Police death toll from COVID-19 could surpass number from 9/11 attacks


MIAMI (NewsNation Now) — COVID-19 is now the top on the job killer of police officers in America, according to the National Law Enforcement Officers Memorial Fund.

More than 100 officers have died nationwide from COVID-19.

“It is very concerning. When you look at our average number of officers falling every year, this is going to more than double it,” said Marcia Ferranto, CEO with the National Law Enforcement Officers Memorial Fund.

When officers die of COVID-19, the deaths are considered line of duty deaths, Ferranto says.

After a review process, the officers’ names are etched into the fallen officers memorial in Washington, DC.

“We have a panel of reviewers from doctors to experts to law enforcement that review each case individually, and from there they decide whether it was a line of duty death or not,” Ferranto said.

Among the law enforcement officers who have died from COVID-19 is Broward County Sheriff’s Deputy Shannon Bennett.

“He died doing something he absolutely loved,” said Darren Bennett, Shannon’s brother.

The 39-year-old was engaged to be married and was showing signs of improvement when his condition took a turn for the worse.

“It was the worst pain in my entire life,” Darren Bennett said. “Worst phone call I have ever received in my entire live.”

Stopping the spread of COVID-19 is a top priority at police departments across the county. Officers wear masks, do temperature checks and use special sanitation equipment at certain departments.

“The officers are going to do their job, but the biggest thing they worry about is okay I did my job, now I am going to go home to my family. They worry if am I going to take this home to my family,” St. Petersburg, Florida Police Chief Anthony Holloway said.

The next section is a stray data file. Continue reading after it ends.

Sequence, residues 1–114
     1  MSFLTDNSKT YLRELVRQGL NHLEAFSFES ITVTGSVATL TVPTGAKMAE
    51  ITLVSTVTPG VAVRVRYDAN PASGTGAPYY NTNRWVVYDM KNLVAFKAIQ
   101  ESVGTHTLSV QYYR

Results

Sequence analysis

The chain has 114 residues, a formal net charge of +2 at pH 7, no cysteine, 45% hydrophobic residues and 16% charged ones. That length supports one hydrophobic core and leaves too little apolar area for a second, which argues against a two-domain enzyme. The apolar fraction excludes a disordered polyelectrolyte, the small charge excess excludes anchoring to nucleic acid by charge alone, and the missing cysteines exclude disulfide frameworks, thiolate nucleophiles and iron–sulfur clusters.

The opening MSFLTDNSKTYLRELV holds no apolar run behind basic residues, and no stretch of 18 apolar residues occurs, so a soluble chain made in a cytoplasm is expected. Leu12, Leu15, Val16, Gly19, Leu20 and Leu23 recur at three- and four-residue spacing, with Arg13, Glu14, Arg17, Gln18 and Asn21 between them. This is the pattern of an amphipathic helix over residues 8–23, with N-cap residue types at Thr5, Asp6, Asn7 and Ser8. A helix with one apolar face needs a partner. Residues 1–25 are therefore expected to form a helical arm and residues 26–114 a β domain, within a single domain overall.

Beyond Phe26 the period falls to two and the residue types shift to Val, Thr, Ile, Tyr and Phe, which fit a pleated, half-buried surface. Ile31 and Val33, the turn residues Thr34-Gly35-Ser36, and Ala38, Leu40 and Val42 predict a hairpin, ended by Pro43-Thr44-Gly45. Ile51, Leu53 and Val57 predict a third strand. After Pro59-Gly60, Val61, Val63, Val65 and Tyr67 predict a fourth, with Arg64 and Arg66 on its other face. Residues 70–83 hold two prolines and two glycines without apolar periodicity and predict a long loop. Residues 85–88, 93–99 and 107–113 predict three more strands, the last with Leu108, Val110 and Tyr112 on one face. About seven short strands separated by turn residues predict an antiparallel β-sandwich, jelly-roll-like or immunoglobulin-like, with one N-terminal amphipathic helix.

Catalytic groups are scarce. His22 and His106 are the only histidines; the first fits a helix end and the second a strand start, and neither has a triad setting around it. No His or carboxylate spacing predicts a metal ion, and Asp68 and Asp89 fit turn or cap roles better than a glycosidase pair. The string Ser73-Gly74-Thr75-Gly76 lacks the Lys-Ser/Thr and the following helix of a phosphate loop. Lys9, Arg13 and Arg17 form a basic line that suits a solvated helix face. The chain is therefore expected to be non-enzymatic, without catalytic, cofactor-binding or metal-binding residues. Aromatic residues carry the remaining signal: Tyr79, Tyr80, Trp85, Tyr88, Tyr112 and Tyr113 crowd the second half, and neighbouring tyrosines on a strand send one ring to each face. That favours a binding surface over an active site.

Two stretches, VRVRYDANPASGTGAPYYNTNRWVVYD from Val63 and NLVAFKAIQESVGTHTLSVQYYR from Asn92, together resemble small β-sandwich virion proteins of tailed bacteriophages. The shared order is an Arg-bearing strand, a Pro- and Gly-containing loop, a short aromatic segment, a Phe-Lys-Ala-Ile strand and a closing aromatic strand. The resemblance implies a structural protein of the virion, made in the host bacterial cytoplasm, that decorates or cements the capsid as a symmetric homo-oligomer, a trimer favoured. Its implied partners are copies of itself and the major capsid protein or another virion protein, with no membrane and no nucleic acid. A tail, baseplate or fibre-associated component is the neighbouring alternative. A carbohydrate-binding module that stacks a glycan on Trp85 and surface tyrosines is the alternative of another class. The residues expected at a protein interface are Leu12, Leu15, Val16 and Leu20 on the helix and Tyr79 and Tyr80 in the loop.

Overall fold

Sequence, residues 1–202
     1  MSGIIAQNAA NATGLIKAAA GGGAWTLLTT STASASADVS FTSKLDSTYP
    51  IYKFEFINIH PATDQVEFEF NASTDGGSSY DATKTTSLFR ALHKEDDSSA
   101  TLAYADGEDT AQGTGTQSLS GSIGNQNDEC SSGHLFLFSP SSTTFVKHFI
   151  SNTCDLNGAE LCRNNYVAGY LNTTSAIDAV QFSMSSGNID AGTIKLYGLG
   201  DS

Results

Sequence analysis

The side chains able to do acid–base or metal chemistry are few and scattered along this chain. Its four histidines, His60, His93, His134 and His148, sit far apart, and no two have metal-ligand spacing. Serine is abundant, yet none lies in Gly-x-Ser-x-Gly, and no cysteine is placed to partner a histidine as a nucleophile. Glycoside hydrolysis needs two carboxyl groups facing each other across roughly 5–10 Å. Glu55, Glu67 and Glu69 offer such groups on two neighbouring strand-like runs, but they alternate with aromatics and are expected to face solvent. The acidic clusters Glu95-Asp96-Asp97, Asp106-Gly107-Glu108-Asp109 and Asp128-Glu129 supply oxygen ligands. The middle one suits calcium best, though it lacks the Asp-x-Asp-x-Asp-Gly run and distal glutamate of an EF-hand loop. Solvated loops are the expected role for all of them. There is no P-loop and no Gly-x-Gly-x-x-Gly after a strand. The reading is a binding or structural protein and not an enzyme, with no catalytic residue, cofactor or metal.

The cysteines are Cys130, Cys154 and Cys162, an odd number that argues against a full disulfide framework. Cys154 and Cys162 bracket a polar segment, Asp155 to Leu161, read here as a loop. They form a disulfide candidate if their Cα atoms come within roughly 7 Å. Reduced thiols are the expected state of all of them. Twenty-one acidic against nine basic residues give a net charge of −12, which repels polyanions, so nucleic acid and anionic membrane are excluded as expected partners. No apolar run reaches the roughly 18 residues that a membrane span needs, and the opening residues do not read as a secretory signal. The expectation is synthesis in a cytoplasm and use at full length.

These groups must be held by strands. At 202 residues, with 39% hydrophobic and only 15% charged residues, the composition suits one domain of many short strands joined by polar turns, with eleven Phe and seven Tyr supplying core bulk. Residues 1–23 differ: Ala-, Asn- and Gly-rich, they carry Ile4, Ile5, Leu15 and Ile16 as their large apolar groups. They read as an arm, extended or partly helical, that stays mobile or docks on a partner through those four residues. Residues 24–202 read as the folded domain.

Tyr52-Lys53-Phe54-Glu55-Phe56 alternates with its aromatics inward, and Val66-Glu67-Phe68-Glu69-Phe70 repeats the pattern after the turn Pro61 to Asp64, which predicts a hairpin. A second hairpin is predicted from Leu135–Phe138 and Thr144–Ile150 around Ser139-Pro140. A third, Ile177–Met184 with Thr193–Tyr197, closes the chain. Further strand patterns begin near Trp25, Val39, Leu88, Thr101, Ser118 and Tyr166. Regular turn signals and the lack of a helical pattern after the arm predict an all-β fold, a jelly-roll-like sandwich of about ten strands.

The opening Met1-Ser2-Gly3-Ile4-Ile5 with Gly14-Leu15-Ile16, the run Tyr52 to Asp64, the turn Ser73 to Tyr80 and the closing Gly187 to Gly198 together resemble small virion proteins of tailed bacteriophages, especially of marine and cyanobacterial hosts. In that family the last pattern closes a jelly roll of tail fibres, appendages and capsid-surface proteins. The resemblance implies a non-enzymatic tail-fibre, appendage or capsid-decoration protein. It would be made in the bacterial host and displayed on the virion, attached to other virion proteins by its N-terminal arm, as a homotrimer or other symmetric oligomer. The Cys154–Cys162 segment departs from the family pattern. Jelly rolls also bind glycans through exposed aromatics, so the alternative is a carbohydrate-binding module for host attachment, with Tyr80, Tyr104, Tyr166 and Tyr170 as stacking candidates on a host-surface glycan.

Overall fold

It’s a worry law enforcement officers have daily – as more of them continue to get sick.

“Shannon and the rest of these law enforcement officials died doing what they were called to do,” Darren Bennett said. “I know Shannon loved doing it. He was willing to sacrifice his life as the students he was serving in the school as a resource officer. He died with honor. He died with dignity. And he died leaving a legacy that will outlive his time on this earth.”

Shannon Bennett was a deputy at the Broward Sheriff’s Office for 12 years. Even though the Sheriff’s Office considers his death a line of duty death, the department says their insurance company initially denied the death benefit claim. The Broward Sheriff’s Office is fighting that denial.

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